Thayeria boehlkei – Blackline Penguinfish
Thayeria boehlkei or Blackline Penguinfish by its common name, is a quiet, peaceful schooling fish and therefore very suitable for the community aquarium. They do not set too high demands on the water composition, as long as the water is clean. This makes them very suitable for beginners. The females are a bit plumper than the males in this species, but it remains difficult to see the difference between sexes.
As said, they are real schooling fish and must therefore be kept together with at least 6 specimens, and preferably with much more. They like to swim and are reasonably fast. With a clear current, they like to hang out as a group in the outflow of the aquarium filter. In a somewhat larger aquarium you can see them swimming around the aquarium and going through the plants as a school.
The aquarium must have a closed lid. While catching them in the wild with nets, jumps were seen above the water up to a height of 2 meters.
These fish are massively bred for the aquarium trade. In the store most animals are therefore used to a wide range in water values. You can keep Thayeria boehlkei at a temperature of 22 to about 28 degrees Celsius. They actually do well on almost all water values, a pH from 5.5 to 8 is usually fine. The GH can range from 8 to 20.
In nature, fish have to deal with fluctuating temperatures. Keeping the minimum or maximum temperature for a long time is not always desirable and can shorten the average lifespan of the animals.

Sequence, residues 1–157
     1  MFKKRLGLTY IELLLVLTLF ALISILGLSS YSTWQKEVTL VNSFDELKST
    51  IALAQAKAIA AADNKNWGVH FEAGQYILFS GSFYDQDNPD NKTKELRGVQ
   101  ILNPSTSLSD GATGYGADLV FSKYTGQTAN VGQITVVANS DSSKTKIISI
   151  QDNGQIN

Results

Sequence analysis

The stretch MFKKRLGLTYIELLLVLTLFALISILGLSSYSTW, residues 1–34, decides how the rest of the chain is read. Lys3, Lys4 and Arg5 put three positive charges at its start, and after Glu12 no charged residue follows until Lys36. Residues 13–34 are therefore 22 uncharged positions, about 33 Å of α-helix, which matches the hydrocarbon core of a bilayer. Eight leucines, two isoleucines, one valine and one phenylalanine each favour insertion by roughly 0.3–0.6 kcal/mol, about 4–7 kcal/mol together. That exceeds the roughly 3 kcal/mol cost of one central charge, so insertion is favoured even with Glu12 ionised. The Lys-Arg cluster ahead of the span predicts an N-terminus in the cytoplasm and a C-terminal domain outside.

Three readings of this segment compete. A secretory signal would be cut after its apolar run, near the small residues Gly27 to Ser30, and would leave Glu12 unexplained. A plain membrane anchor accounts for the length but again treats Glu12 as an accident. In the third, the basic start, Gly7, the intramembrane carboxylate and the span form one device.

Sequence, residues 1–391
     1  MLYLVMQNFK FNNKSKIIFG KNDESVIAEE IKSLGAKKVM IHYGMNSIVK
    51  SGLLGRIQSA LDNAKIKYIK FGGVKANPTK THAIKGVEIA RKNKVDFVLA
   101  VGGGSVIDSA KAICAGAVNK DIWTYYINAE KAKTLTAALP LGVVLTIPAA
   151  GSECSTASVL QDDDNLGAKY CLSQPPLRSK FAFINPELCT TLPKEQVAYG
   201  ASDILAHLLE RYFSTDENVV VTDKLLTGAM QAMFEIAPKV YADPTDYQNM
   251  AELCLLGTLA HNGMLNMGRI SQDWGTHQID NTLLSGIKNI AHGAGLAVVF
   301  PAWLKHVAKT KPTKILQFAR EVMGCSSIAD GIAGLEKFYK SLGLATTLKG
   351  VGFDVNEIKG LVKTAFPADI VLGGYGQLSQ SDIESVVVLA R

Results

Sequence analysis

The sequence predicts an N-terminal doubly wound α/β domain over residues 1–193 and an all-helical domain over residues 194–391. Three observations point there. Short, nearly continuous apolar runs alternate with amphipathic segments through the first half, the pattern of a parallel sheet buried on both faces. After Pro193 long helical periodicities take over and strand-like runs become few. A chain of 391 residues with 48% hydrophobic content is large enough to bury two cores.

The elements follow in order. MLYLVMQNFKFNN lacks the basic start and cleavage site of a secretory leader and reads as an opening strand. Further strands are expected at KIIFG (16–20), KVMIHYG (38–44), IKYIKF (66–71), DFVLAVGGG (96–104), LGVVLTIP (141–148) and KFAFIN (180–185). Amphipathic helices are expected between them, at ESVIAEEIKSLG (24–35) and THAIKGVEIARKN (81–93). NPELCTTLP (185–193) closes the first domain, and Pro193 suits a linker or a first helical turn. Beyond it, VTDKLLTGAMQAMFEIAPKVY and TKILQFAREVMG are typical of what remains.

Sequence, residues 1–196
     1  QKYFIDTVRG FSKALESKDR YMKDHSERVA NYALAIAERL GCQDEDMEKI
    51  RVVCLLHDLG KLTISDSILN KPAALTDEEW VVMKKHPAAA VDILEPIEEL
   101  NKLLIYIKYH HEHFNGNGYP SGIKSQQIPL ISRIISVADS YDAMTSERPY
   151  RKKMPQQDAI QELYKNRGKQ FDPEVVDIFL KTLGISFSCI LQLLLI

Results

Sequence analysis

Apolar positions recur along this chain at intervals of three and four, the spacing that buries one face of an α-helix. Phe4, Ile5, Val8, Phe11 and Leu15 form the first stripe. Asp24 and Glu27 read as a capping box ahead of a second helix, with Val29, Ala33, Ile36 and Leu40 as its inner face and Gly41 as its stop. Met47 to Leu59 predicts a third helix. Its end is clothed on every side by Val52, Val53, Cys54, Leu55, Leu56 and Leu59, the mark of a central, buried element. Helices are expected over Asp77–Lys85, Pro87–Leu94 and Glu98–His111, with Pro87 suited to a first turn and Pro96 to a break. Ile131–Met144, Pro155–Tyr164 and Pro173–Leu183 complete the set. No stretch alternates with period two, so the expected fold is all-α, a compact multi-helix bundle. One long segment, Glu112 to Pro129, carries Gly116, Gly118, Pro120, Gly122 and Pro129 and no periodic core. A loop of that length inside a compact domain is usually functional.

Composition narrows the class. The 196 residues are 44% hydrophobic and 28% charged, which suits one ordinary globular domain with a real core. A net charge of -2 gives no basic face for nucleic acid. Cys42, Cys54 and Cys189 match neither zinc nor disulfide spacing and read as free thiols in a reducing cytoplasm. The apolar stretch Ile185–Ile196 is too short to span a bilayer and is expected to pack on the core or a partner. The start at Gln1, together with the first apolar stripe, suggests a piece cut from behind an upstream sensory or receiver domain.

The Blackline Penguinfish is an easy-to-keep species that will feed on all types of food such as flakes, frozen and live food. Don’t forget to feed them spirulina flakes to provide them with the vegetables they need to stay healthy.
Breeding Thayeria boehlkei
Thayeria boehlkei are very fertile fish that can produce up to 1000 eggs per spawn. For breeding, a fairly large breeding tank is required. Use a tank of around 40 liters with slightly soft / acidic water with a pH of around 5.5. The eggs are deposited between fine-leafed plants such as Java Moss and given the amount of eggs, quite a few plants are needed.
When the females are ready to spawn, they get a big belly from the many eggs they carry. After the eggs are released, the parents have to be removed, because they see the eggs as a delicious meal. After spawning and catching the parents, part of the water must also be changed. The males produce so much sperm that it pollutes the water. The very small eggs hatch within a day, the fry are very small and hard to see. They must therefore be fed with the smallest possible food such as micro worms and infusions.
John de Lange
John de Lange